The Ugg-ly debate: A Chicago mom weighs the pros and cons of buying pricey footwearFriday, November 01, 2013
My children own adorable shoes. Cute flats, funky sneakers and knock-off store brand Ugg-mitations. These boots have been a point of contention with my teen and tween.
I thought Uggs would just be a fad, like the rainbow loom or hair feathers, that would come and go in a season. But, these smelly, sweaty, abnormally large footed boots have staying power.
My daughters begged for their Uggs . Each and every year. And I have always said a firm, no wiggle-room: "No."
"But, Mommmm," they've pleaded. "We are the only ones that don't own Uggs. Like literally."
At first I didn't believe them. Kids say that line all the time. But, when I went to a school event and looked down at the floor literally every single girl (and most of their mothers), were walking around in these nearly $200 Uggs!
It wasn't that we couldn't afford these boots - if I wanted to squeeze pennies I could certainly make it happen. But, it was the principal of my children owning something so expensive and unnecessary that I could not give in. I saw no difference in the knock offs and they just accepted it.
Well last week, my 10-year-old had a very hard week in school. A few things happened socially that led her to be extremely sad and emotional. In a weak moment of mommy empathy, I found myself with a pair of Uggs, size 5, in hand at the checkout counter.
"$169.50 plus tax." said the saleswoman.
I gulped. Panic set in and I began to sweat. I was having a last minute change of heart while I pretended to search for my credit card in my purse.
I swallowed my gut instincts, shoved the guilt back down and paid the lady. I grabbed my big brown paper craft box and headed quickly to my car, hoping not to bump into any friends on the way.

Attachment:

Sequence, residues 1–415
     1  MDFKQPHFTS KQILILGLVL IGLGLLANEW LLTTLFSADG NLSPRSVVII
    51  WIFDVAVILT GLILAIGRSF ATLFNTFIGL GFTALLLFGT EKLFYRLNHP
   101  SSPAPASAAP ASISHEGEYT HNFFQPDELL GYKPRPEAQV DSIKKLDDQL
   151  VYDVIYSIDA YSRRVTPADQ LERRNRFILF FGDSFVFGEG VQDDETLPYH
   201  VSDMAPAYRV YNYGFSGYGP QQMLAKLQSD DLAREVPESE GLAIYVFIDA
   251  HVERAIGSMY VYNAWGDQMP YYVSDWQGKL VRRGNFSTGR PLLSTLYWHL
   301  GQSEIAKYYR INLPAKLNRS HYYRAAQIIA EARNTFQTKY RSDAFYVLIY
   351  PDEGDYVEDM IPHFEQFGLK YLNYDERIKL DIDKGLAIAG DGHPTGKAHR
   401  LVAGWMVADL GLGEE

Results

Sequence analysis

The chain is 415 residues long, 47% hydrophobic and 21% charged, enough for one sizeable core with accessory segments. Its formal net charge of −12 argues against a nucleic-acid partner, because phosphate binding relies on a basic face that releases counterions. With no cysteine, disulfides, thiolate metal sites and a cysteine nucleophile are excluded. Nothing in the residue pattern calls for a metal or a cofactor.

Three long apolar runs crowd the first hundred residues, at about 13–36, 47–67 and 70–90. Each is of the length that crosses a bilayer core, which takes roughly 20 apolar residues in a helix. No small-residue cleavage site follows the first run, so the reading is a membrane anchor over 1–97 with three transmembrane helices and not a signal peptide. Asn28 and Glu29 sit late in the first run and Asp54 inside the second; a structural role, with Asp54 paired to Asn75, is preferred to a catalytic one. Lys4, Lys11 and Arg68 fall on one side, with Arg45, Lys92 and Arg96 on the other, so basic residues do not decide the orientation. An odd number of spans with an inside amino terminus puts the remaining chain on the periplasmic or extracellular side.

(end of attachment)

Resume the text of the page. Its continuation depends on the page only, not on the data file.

Immediately panic-stricken, I called my husband.
"Don't kill me," I started. I knew he wouldn't actually kill me or even care too much (Hey, men's dress shoes cost nearly that much anyway, I reasoned). He's pretty clueless on the cost of children's clothing. I explained what I purchased and why. As expected, he just said, "Um, okay." He knew better than to mess with a mother in a tizzy.
When my daughter arrived home, I wiped the tears from her really emotional day away and I pulled out the guilt-purchased Uggs.
Never before had a purchase attached itself to me like this one. I felt that I was going against every fiber of my being giving her these fuzzy little shearling boots.
She opened the bag. Her mouth immediately dropped open. Her eyes widened.
"What?! I thought you said I could NEVER get these? What? Huh?"
She was clearly shocked and in awe of her new Uggs. She darted between utter shock and utter joy. She then ripped the box open and placed them on her feet. A tremendous smile replaced her tear-stricken cheeks.
"Oh Mommy, these are like walking on marshmallows! Thank you, thank you, thank you!!" she said as she did her happy dance.
My guilt still there, I felt the need to explain how Mommy had a momentary lapse of good judgment. I lifted my eyes to meet my daughters and explain. But, one look at her, in her bow-backed Bailey Uggs, and I knew it was okay to bend my own rules.
I am not a believer in 'just because everyone else has it' but, I am a believer in sometimes, under certain circumstances, it's okay to let your daughter feel a little special, feel like she fits in and feel like Mommy understands.
I grapple with sending the message that clothing doesn't have to make you feel better or special, but as a woman we all know how that moment feels when a great pair of jeans fit or that perfect shoe find makes an outfit. Wearing something special just does help a really bad day. It just does.
So, as I kissed my daughters cheek and walked downstairs finally content with my purchase, I greeted one very jealous, angry teen waiting for me in the kitchen. Guess I know what she'll be getting for Hannukah this year . . .